(This is for information, do not type this yet) calls the histogram script, which needs to be in the same directory. creates tables that you can import and analyze in Excel.

Note: the modified program works on all "pepstats" files in the directory.

To run the EMBOSS program from the command line, type: pepstats genome.faa -outfile genome.pepstats
where "genome.faa" should be the name of the file that contains the protein sequences encoded in the genome, and "genome.pepstats" is the output file.

Check the output file generated by pepstats using a text editor.

We will use or to extract the isoelectric point for all proteins in the faa file:

Read through the script. Try to figure out how the program finds the values for the theoretical isoelectric points in the pepstats output. Execute the program:

perl genome.pepstats
where genome.pepstats is the name of outfile (see above)


perl genome.pepstats
where genome.pepstats is the name of outfile (see above) will generate three files, with suffixes ".pI", ".pos_charged", and ".parsed".

Use the ".pI" file (isoelectric points) to construct a histogram (or the .parsed file). You can use the histogram_script (via or try to use an Excel addon for this.

Which genomes did you analyze?
Describe the distribution of isoelectric points in your selected genome. How many peaks?
Why might there be a minimum at around pH7?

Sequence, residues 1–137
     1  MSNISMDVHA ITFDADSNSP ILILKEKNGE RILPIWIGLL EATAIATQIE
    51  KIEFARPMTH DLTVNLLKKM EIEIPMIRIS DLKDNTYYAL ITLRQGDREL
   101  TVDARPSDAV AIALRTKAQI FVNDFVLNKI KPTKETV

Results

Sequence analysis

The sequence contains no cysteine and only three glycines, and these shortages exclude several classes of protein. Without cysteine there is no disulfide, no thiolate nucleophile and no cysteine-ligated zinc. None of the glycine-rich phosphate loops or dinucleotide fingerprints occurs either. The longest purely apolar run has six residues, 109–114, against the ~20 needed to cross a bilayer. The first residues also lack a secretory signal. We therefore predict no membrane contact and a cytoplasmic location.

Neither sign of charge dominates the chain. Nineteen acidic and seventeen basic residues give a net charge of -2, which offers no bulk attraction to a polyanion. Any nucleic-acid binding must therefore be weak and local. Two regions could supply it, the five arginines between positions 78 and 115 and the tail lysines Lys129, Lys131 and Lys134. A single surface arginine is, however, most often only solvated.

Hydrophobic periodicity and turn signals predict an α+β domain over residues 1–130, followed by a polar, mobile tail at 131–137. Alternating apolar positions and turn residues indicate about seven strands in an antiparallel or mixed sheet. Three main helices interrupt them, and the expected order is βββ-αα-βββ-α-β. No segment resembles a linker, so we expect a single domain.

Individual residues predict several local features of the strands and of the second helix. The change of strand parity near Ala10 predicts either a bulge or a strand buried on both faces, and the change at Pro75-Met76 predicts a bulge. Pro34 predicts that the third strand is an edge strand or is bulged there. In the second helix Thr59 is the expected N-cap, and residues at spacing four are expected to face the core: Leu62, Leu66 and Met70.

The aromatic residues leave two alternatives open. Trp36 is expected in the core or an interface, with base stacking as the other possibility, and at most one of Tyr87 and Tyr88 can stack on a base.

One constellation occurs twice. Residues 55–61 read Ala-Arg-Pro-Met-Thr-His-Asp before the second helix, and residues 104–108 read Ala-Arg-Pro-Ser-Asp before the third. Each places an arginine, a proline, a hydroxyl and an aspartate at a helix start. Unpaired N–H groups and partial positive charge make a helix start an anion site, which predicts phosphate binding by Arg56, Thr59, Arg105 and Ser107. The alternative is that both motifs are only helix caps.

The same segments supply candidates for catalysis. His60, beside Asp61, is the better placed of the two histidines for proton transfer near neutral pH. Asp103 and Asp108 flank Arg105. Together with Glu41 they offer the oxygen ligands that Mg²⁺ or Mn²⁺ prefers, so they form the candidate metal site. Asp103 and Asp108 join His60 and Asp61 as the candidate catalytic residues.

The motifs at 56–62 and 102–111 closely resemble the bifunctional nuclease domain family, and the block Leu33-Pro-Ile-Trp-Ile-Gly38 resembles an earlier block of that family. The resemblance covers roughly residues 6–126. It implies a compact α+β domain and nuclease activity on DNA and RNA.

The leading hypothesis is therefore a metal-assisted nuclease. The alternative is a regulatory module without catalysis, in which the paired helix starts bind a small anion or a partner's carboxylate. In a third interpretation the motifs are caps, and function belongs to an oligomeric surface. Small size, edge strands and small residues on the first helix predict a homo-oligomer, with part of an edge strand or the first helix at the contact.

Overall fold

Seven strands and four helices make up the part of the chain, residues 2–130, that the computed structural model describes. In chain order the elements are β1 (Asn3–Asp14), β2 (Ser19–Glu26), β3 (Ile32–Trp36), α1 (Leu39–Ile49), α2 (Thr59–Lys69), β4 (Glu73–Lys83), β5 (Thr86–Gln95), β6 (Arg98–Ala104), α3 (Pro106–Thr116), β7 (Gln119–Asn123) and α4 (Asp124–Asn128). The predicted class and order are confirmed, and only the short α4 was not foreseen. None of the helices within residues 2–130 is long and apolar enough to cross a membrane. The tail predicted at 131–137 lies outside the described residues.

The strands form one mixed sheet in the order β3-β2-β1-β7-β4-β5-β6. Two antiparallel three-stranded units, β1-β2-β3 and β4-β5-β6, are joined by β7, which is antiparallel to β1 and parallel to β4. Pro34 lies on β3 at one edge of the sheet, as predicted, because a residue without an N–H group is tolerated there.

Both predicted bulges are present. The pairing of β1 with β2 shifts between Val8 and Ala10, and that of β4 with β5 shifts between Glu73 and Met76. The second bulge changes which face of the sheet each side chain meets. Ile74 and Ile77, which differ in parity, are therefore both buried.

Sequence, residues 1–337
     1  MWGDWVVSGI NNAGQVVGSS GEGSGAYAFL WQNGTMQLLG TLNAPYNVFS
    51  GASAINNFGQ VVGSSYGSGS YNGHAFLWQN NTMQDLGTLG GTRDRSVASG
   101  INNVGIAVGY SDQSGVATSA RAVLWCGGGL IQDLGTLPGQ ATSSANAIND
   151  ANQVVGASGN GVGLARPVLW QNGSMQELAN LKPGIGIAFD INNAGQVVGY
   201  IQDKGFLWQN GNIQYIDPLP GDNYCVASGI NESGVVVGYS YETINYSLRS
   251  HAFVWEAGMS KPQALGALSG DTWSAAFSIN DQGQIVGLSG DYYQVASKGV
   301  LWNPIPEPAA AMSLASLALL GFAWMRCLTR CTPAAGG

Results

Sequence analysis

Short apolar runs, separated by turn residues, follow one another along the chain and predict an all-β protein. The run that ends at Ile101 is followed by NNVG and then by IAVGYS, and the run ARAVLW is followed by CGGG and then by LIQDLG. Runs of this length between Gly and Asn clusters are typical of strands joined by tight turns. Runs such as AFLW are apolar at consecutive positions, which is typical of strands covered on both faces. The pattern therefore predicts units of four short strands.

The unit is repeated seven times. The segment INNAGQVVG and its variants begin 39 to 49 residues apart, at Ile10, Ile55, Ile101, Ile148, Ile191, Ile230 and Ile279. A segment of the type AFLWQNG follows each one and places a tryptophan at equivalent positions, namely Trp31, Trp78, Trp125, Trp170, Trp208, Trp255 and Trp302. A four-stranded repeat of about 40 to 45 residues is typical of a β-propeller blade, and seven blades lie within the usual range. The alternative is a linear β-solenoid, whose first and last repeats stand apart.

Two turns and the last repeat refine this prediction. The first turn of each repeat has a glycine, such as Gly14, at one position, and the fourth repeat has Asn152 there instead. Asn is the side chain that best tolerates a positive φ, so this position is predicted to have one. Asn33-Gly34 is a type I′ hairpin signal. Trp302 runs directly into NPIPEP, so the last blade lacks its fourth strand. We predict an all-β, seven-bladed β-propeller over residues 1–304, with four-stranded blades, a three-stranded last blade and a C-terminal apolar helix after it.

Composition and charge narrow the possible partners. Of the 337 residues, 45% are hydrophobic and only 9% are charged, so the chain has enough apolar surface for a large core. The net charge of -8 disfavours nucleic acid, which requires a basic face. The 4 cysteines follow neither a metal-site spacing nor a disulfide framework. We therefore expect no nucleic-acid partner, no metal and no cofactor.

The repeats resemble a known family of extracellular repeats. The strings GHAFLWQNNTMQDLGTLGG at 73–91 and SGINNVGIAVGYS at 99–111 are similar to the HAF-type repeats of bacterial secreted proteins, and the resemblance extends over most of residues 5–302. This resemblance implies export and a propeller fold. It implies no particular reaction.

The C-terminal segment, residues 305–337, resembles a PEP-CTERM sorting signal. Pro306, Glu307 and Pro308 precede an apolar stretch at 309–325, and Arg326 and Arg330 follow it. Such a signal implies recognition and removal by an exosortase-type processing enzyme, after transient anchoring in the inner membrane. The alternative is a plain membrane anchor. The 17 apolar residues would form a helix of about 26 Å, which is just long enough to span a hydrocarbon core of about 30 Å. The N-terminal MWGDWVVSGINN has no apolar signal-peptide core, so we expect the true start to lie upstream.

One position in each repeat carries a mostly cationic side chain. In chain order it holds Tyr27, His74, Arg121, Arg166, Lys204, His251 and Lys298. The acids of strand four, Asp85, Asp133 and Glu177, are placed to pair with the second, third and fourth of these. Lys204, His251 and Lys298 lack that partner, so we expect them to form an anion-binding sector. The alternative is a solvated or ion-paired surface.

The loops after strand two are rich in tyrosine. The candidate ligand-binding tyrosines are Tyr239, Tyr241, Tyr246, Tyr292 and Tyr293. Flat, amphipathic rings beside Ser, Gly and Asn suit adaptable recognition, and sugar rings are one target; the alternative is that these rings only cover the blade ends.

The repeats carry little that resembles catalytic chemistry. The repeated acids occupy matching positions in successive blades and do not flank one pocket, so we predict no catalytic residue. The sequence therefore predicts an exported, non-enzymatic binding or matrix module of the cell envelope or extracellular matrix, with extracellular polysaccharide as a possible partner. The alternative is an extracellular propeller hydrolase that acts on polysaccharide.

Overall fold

Compare your finding with others in the class. Do thermo- and halophiles have the
distributions of isoelectric points?

Check a few of the ORFs with very alkaline theoretical isoelectric point (the *.parsed outfile contains accession numbers in the first column; you could use
fastacmd -s accession_number to retrieve the sequence from nr).
Which charge would these proteins have at neutral pH? Can you see a pattern in the types of enzmes?


3. Gene plot is a program provided through the NCBI that compares two genomes against each other using blastp on the encoded ORF. It is great to quickly explore synteny between two genomes, its problem is that it just concatenates all ORF encoded on plasmids and chromosomes into a single file, and that only some genomes are available. Try a few comparisons in gene plot (Frankia, Prochlorococcus, Borrelia, Leptosira or Mycobacteria.

Download 2 (or more) genomes (complete DNA sequence of the main chromosome) from related organisms that seem worth anayzing from here.

E.g., one could use (right click, save as)



and )